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To the BlazeVOX community

 

Thank you for your kind support. It is a wonderful thing that you stand up for poetry in such fine ways. I have learned from this discussion and will strive to be ever more effectively transparent about publication arrangements.
I want make a statement after the fact. BlazeVOX is not closing its doors.

That said, I feel like I should explain a bit further the co-operative nature of our business model. I am not going to change what we do, but I do acknowledge that perhaps I could communicate what we do a little better.

We publish work that we love. We love good writing and avant-garde texts. The reality is that avant-garde books, unfortunately, do not sell well. It is only our love of the texts themselves that keeps us hard at work.

We work with authors new and established to get their work out there; however, there is significant financial risk in this. We ask our authors to help fund a small portion of their book. The money covers a small percentage of the cost of production, which includes my time. We do not ask all authors for a fee up front. We make this decision based on whether or not sales of the book will cover the costs of its production. Authors like Anne Waldman or Tom Clark will sell well enough to recoup these costs. Most books by new authors will not. In general, books by new authors sell around 25 - 30 copies.

But our art form is not about sales. If it were, we would start printing and selling the literally hundreds of Christian-themed manuscripts we receive each year which, for some reason, do sell. If we sold Christian-oriented poetry, we would be rolling in money. We do not choose to do this.

I live modestly off of the income of BlazeVOX and this allows me to be working on this press 14 hours a day. Rarely do I take a day off and it is this positive energy that sets us apart from other presses. We do not choose 4 to 10 books a year and end the year. We publish broadly and prolifically, and we want to continue to do these despite our limited resources. After searching for different means of funding the press, the most obvious seemed to be to tap the authors themselves. We co-operate and collaborate to get these books out there. It is a two-way street.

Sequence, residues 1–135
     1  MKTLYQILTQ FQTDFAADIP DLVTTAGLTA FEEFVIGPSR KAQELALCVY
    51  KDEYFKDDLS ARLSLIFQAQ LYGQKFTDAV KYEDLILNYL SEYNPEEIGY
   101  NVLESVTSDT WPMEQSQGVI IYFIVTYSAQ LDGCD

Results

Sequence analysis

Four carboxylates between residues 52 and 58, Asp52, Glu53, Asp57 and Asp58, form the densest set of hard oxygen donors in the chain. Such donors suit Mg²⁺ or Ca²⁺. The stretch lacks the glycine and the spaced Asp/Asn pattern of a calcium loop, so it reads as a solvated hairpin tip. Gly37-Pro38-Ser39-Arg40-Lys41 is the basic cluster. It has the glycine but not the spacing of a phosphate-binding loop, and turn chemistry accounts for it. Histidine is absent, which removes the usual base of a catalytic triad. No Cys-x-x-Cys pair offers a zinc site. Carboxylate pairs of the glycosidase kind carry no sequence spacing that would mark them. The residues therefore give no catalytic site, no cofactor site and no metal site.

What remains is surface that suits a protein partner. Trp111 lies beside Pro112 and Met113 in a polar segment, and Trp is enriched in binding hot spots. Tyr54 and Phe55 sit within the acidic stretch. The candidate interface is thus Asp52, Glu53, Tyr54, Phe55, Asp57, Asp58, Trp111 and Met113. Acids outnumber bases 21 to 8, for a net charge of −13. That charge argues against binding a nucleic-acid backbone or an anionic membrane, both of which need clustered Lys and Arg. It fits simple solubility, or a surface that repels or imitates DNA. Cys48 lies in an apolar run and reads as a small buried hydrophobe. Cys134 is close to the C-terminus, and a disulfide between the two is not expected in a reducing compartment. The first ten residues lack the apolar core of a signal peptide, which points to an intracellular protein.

I have on hand over one thousand manuscripts and continue to receive about twenty new works a week. We read each of these books and keep the exceptionally good works. We evaluate works based on many criteria and look for texts that stand out, voices that should be heard, and words that need to be printed. AFTER choosing the best manuscripts to publish, we then ask the authors to contribute to production costs. Not, as it has been suggested, the other way around. We do not publish in order to make $250. We ask for $250 in order to be able to publish. Many of these so-called vanity projects have been hugely successful and these books have gone on to be read, respected and admired.

If your tastes differ from mine, so be it. I stand behind each of our authors as good writers. I have gone out of the way to pick writers from all ages, genders, religions, races and sexual orientations. I believe that our books go beyond the privileged good college crowd and speak to the wider voices of the world.

I have not gained wealth from this method of asking for donations. I am barely able to pay my rent, feed my cats, and eat based on the money from the press. If not for my partner’s kind efforts working a real job, we would not be able to eat regularly. Fortunately, we live in Buffalo, NY one of the only cities in America where a poet can live and eat and publish and not die from exposure.

I mention these things, as I want you to know that this is all that I do. I am not a teacher or associated with any college or university. It is just us and a love of strange poetry that keeps me going.

Again, thank you for your support.


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Best, Geoffrey

Geoffrey Gatza
Editor & Publisher

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